Look into any successful organization and you’re bound to find at least one person who, at some time, put in a huge amount of work, thought creatively and pushed her colleagues to make that organization successful. For a surprisingly large number of organizations in King County, that person is Diana Carey.
“Diana does not let grass grow under her feet,” said Jacquelyn Beatty, Carey’s friend since law school and a fellow Karr Tuttle Campbell shareholder.
“She doesn’t like to see things just sit around and not get done. She finds a way to get things done,” explained Jim Austin, another KTC shareholder who has sat with Carey on boards and committees.
This drive is seen time and time again in her practice and in her professional and community involvement.
During high school, Carey’s father’s job with Boeing caused the family to move frequently. “I went to five high schools in three different states,” she recounted. Foreshadowing her family’s eventual move to Washington, Carey chose her college accordingly. “I took a dart on a map and said, ‘Oh, Whitman College! That sounds good.’”
She followed a nonlinear path to law. “I didn’t have any grand designs of what I wanted to do, and when I got to college I still didn’t know.” She transferred from Whitman to the University of Washington and got her teaching certificate. “It was a very poor fit,” Carey laughed. She visited a career counselor, who advised her to attend library school because of her interest in research.
After getting a masters in library science, she worked at the Seattle Public Library as a science reference librarian before moving to the Boeing libraries, which she headed. Before long, she was promoted to be head of graphics for the Boeing Company. “That was a big responsibility,” she said. When cutbacks came in the recession of the early 1980s and her job was eliminated, Carey faced going back to the libraries. Instead, she returned to the career counselor, which set her down the path to law school.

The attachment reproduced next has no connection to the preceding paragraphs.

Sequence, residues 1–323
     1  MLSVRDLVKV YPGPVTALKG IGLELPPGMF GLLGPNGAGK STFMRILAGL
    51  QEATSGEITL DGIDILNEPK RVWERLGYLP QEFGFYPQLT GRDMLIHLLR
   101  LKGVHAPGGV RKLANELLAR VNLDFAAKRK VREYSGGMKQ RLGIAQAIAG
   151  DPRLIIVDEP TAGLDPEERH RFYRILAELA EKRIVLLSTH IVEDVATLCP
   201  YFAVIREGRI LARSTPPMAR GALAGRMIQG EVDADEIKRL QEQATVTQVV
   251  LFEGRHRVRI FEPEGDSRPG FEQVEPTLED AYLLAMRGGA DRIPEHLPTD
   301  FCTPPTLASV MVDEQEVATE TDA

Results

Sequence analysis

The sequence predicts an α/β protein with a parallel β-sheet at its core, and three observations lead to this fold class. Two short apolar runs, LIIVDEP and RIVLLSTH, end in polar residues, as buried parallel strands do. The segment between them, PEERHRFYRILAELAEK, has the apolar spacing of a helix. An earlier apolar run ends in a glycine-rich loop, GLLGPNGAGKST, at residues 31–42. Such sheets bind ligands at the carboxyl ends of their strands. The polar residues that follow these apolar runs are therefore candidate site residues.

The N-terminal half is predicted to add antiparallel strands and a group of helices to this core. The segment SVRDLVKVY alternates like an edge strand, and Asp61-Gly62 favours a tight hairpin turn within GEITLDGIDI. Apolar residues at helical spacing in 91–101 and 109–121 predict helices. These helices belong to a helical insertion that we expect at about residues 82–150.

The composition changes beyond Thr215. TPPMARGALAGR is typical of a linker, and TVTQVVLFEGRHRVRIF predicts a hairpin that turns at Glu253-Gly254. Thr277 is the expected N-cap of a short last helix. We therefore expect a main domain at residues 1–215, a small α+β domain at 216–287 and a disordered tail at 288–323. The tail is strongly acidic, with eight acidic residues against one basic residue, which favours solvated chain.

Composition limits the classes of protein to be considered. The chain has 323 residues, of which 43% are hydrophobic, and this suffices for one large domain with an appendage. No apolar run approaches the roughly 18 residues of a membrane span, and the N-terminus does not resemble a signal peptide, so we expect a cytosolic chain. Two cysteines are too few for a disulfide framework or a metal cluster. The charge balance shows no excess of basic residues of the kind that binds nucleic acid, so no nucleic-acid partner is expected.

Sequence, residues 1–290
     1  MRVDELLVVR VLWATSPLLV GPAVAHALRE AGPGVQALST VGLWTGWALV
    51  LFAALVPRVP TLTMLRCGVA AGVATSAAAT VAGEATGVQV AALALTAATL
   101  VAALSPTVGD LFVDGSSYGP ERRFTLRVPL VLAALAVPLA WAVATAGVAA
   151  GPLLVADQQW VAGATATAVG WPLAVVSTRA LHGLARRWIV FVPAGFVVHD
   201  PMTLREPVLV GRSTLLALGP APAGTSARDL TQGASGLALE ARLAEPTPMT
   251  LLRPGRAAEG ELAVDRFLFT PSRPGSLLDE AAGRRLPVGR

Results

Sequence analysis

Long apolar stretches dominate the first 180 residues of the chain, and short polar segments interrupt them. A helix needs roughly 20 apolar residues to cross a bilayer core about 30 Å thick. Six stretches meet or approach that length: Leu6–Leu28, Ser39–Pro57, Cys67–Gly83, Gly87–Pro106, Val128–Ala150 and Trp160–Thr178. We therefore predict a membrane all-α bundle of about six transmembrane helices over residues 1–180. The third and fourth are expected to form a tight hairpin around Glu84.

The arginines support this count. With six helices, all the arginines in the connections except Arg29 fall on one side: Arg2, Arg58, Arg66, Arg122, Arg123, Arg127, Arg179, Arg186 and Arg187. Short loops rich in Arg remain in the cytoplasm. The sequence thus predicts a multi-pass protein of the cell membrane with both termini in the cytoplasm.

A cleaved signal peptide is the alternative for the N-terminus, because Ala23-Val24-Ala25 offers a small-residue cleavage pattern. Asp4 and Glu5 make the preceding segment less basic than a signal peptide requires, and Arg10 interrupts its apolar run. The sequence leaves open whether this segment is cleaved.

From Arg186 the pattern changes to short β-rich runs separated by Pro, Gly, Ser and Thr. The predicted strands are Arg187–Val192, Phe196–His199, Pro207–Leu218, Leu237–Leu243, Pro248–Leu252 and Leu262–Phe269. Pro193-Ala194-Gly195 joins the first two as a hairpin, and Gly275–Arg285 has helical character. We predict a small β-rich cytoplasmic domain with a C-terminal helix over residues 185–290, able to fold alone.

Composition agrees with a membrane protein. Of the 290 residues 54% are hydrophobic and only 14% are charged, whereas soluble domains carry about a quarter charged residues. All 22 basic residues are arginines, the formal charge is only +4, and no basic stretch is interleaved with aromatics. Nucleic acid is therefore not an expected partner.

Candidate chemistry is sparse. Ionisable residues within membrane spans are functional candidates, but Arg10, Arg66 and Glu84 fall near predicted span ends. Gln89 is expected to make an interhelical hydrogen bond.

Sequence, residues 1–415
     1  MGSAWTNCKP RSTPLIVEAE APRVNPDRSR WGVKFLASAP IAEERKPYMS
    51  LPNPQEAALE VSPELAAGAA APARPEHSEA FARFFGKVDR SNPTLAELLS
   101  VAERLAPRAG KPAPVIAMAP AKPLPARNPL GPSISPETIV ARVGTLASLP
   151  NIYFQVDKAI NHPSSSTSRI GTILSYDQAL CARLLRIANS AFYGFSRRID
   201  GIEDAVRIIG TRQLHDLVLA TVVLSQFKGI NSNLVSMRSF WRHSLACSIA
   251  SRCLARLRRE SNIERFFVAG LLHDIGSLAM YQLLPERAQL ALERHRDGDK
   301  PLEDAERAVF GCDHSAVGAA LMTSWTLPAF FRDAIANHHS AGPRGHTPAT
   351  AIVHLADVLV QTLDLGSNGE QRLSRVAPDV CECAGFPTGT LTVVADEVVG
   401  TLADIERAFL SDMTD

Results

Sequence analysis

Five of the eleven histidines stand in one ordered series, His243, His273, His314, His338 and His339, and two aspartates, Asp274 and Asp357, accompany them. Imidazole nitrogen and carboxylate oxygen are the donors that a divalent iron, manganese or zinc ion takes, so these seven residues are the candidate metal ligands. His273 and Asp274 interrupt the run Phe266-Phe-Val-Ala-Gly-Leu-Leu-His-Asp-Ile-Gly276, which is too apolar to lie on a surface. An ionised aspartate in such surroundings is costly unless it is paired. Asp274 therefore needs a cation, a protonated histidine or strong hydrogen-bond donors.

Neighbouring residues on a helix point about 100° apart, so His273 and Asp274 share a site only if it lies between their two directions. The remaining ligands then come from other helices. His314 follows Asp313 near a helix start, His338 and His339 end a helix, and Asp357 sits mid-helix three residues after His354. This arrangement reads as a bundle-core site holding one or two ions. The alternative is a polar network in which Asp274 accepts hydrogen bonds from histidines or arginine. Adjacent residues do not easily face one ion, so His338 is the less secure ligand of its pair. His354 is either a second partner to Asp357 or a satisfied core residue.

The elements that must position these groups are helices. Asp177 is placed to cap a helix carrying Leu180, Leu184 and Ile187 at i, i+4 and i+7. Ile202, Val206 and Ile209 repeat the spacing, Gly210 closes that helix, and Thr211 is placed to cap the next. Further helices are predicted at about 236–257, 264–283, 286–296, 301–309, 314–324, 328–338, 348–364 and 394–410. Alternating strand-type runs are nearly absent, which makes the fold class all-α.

While considering the possibility of law school, Carey consulted two attorneys she knew. Their advice was not exactly encouraging. “It’s hard to get into law school and once you get in you can’t find a job,” advised the first. The second cautioned, “You know, your age and sex are against you.” Those obstacles didn’t seem so daunting to Carey. She considered her maturity and experience as assets when it came to getting a job. “Plus I was probably a little cocky,” she conceded.
You’ll notice a theme in this profile — not a lot deters Diana Carey. “She is up for any adventure,” said Kate Battuello, another of Carey’s longtime friends. During law school, Carey learned the importance of diligence in moving forward. “It’s putting one foot in front of the other,” she explained, “just figuring out what needs to be done to succeed either in a law school class or on a law school exam … and that carries over to work as well.”
Her library experience indeed proved to be an asset in her clerkship with the U.S. Attorney’s Office during her first summer of law school. “I was there during the WPPSS bribery trial and they asked if I would stay on and do research during the school year,” she recalled.
After law school, Carey joined KTC, which then had seven members on the nameplate. She spent much of her early practice doing corporate law as well as working in bankruptcy alongside the managing partner, Marty Crowder, and Bruce Borrus, head of the bankruptcy department. “In my second year, Marty came to me and said that Bruce was leaving and that I was going to be the new head of the Bankruptcy group. I said, ‘Wow! That’s great! Who’s in my group?’ and he said, ‘You are!’ so that was a bankruptcy group of one.”
It was a perfect match. Carey grew that bankruptcy group of one over the years, and its success can partly be owed to the fact that she was a pioneer in receiverships. By the time the Receivership Act was redrawn in 2004, she was well-versed in the practice. It started with the Foremost Dairies receivership in the early 1990s and the work kept coming in.
“It seemed like an area that was ripe for exploring for the right kind of situations, where a bankruptcy was maybe too expensive,” she explained. “It was kind of the wild west in those days because there was very little law, so you had to educate the judges; you basically would follow what the bankruptcy court might do and use that by analogy.”
Receiverships gave Carey an opportunity to innovate. “You could do a lot of creative things with receiverships because there was little written law. It was only a half-page statute, so you would craft remedies that seemed to make sense for the situation.”
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